Mindful Mastery Mondays #5: Knees?!?

The more I teach, the more I marvel at the intricacy of the body and, specifically, the way in which the voice is influenced (for better or worse) by EVERY part of the body. Indeed, as my students know, when I refer to the “instrument”, I am truly referencing the entire body, from head to toe.

This week, I’d like to talk about the role your knees play in free and expressive singing. Yes, the knees! In fact, I’d like to ask you to do a little experiment… Standing, begin by putting one hand just below your belly button, and the other hand along the small of your back. With a little give (or release) in your knees, simply observe your breath. Hopefully, it’s abdominal and you can feel the low release of the abs on the inhalation into both hands. (Remember that, contrary to what People magazine might have you think, the abs wrap all the way around to the spine in back forming what is called the abdominal girdle.) Just observe that breath for a moment, and if you’re feeling fancy, sing a tricky passage from your repertoire.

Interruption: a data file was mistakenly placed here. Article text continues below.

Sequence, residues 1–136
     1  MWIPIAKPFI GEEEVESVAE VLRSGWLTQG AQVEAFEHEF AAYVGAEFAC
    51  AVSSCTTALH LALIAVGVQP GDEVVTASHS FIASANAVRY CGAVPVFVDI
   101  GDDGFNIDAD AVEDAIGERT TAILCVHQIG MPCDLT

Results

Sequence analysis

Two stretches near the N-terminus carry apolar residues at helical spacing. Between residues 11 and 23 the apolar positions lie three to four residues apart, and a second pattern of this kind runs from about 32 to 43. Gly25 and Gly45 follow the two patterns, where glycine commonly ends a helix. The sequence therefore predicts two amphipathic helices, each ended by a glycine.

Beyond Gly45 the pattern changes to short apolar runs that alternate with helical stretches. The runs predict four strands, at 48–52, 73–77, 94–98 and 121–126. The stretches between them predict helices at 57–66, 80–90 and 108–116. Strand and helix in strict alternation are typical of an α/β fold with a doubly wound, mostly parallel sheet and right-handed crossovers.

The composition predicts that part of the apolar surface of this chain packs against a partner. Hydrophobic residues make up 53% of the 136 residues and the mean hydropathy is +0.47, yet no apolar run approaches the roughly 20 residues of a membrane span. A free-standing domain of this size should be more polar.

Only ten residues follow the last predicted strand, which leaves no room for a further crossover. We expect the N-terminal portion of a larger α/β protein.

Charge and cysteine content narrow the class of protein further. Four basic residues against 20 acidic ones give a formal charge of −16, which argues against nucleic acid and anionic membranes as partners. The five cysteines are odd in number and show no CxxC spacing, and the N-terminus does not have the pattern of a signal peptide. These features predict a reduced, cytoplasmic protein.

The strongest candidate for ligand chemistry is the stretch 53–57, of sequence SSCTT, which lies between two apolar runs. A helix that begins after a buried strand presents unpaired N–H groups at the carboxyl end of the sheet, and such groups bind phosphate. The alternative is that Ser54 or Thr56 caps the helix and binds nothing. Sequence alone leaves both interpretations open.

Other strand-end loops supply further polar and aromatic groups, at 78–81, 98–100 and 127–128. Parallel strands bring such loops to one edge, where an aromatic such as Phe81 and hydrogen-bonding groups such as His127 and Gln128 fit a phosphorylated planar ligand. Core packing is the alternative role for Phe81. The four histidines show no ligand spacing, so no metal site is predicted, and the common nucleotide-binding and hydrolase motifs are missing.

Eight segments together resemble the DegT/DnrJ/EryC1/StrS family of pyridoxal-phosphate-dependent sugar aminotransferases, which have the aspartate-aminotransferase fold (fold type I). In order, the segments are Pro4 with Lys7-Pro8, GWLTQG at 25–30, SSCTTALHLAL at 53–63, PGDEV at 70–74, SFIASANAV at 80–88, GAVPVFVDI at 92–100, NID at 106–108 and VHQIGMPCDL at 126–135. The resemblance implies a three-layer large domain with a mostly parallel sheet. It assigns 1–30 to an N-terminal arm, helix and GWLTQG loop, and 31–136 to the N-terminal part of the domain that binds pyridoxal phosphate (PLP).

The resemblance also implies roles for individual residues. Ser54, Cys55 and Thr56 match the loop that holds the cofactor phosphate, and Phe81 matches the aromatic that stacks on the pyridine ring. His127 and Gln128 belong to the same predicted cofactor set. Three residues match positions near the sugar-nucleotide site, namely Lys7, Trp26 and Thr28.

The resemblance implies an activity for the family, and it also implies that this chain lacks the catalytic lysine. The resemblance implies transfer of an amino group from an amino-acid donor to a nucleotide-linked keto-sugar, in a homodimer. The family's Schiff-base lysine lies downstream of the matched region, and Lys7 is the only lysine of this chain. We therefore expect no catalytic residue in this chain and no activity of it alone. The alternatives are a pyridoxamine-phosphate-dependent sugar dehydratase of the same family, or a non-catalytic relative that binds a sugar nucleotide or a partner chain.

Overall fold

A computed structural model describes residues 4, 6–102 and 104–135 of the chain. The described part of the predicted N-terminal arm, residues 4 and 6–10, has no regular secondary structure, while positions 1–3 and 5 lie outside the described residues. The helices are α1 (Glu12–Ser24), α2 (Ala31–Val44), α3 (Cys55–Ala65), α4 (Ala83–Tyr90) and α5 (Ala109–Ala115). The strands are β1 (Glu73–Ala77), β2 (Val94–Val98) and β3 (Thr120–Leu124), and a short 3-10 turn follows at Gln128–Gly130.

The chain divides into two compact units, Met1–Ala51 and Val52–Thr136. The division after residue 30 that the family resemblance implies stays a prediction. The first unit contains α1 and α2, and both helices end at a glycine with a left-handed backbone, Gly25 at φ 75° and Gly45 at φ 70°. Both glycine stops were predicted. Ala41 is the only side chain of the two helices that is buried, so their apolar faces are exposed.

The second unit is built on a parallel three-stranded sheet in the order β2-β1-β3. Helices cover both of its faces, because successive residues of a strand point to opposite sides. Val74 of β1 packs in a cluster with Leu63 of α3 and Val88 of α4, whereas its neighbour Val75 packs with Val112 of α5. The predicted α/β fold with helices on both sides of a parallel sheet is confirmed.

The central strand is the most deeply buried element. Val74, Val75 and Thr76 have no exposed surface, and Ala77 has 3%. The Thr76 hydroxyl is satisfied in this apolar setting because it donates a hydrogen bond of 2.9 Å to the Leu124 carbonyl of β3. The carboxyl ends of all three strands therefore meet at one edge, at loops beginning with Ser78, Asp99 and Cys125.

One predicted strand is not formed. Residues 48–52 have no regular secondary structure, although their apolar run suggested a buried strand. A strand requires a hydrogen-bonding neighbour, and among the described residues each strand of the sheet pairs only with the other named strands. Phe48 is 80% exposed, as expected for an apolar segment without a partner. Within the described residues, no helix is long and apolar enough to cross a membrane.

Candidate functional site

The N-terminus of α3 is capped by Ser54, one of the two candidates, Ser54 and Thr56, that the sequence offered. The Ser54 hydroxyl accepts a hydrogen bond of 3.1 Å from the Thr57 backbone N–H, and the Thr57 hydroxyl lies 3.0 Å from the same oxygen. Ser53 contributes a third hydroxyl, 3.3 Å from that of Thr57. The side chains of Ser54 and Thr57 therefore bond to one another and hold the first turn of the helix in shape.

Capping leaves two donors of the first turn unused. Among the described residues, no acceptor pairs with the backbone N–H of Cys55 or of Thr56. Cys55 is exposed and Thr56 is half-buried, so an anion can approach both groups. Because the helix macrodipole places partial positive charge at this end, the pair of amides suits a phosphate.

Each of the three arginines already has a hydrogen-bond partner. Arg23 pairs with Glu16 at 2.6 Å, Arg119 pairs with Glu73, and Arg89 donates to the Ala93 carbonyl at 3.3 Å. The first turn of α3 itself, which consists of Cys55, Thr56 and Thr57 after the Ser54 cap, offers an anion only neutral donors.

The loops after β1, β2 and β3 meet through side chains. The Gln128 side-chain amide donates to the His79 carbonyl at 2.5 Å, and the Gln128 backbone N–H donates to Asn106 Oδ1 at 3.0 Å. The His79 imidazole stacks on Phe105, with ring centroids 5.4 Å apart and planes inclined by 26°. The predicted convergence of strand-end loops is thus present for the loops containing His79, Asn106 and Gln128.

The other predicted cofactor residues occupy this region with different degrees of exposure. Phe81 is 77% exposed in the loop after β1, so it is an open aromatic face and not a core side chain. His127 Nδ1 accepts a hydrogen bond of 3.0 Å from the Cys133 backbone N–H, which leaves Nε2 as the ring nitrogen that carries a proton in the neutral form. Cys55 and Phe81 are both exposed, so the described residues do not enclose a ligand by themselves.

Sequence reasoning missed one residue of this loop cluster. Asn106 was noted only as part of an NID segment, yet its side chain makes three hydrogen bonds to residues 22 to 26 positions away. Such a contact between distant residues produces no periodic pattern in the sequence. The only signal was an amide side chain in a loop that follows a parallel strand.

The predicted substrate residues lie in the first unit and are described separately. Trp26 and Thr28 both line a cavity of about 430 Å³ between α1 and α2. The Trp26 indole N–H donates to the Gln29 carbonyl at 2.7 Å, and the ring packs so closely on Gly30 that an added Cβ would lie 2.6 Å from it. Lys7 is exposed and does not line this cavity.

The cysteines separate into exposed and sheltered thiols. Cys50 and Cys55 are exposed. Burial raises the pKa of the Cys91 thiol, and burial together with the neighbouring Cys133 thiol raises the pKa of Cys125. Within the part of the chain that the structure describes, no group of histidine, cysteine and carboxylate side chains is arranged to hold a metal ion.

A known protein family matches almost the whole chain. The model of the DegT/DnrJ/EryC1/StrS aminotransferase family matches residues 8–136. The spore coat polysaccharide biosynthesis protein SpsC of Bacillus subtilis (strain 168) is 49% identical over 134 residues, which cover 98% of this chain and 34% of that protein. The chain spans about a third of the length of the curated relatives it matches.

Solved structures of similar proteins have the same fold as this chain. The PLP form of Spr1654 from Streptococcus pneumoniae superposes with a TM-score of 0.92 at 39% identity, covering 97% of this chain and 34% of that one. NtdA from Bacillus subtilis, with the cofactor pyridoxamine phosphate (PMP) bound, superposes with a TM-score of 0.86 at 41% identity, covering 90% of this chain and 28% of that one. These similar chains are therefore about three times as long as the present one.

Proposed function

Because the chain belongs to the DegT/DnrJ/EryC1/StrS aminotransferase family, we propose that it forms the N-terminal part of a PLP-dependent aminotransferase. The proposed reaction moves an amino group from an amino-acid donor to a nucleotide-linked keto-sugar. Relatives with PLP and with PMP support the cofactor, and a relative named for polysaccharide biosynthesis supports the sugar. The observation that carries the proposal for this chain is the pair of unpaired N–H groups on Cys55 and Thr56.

Now, lock the knees back and repeat the experiment. You’ll notice immediately (under both hands) that the abs have to compensate and grip to hold you upright. While the breath may still be abdominal, it has been compromised and constrained by the new work the abs have taken on. Where, before, it was easy to feel the breath into the pelvic floor, now that feeling is absent. The lumbar spine (below your hand in back) undoubtedly stiffened and “held”. You may also have noticed that the passage you chose to sing was incrementally trickier and you experienced less control.

Simply put, when we lock the knees, we effectively turn our legs into a fixed pedestal for the torso. Not good! This immediately and negatively affects the breath and spine simultaneously, and depending on the singer, you will experience any number of compensatory tensions present throughout the body, none of which will be helpful to you as a singer!

So it should come as no surprise that my most frequently offered advice to singers is simply: “Release the knees and tell the story.”

Brannon McAllister